Page:Life of John Boyle O'Reilly.djvu/408

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tous for the World, that it might well make a man willing to die before he is fifty, if he could contribute but a little toward accomplishing it,—the reconciliation in this community between the Roman Catholic Irishman and the Protestant American.

That was the mission that Boyle O'Reilly seemed just as distinctly seat among us to do, as if he had been born with that mission stamped upon his forehead, and as if a hundred vicar-generals had annointed and ordained him for the work.

And in doing this work he showed not merely the lovableness of his temperament, but its far-sightedness. He knew that unless that work could be done, our city and our State and our country are confessed, failures. He knew that American civilization was a failure if it was only large enough to furnish a safe and convenient shelter for the descendants of Puritans and Anglo-Saxons, leaving Irishmen and Catholics outside.

As a literary man, Colonel Higginson gave O'Reilly a high place in the world of letters. As a patriot, he admired him for remembering and loving his native land. He continued:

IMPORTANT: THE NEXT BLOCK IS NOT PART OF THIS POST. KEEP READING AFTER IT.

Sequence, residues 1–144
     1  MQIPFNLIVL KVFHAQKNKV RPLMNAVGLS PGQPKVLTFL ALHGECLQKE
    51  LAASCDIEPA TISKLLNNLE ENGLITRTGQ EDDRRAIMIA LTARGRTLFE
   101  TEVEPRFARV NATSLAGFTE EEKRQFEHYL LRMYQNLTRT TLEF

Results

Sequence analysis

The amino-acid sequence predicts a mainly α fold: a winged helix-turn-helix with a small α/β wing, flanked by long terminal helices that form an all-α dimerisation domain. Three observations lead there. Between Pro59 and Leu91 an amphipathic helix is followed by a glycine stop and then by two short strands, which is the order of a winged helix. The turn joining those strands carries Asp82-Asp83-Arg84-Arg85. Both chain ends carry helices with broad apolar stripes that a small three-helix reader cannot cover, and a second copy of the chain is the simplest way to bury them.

I never have been among those who believed it to be the duty of an Irishman, as soon as he set foot on this soil and looked around for his naturalization papers, to forget the wrongs and sorrows he had left behind him.

I cannot complain of Boyle O'Reilly that through life in his spirit he kept the green flag waving beside the Stars and Stripes, any more than I can forget the recorded joy of McClellan in the terrible battles of the Wilderness when he saw the green flags borne by each regiment of Meagher's Irish Brigade come from the Second Army Corps to his relief.

In some ways Boyle O'Reilly was not enough of a reformer for me. I never could quite forgive him for not being—like my friend and his associate. Col. Taylor—a strong advocate of woman suffrage. But I can tell you that when the man who is doing two men's work all day still spends night after night in attending the invalid wife to whom he owes so much; and when, in making his last will, he has the courage and the justice to leave that wife in undisturbed possession of all his property and the executrix of his will, I am ready to sign an amnesty with him on the woman suffrage question.

Colonel Higginson was followed by President E. H. Capen, D.D., of Tufts College, who said of the deceased:

He was more than a patriot, because wherever he saw humanity oppressed he saw a brother in woe, and determined to give voice to the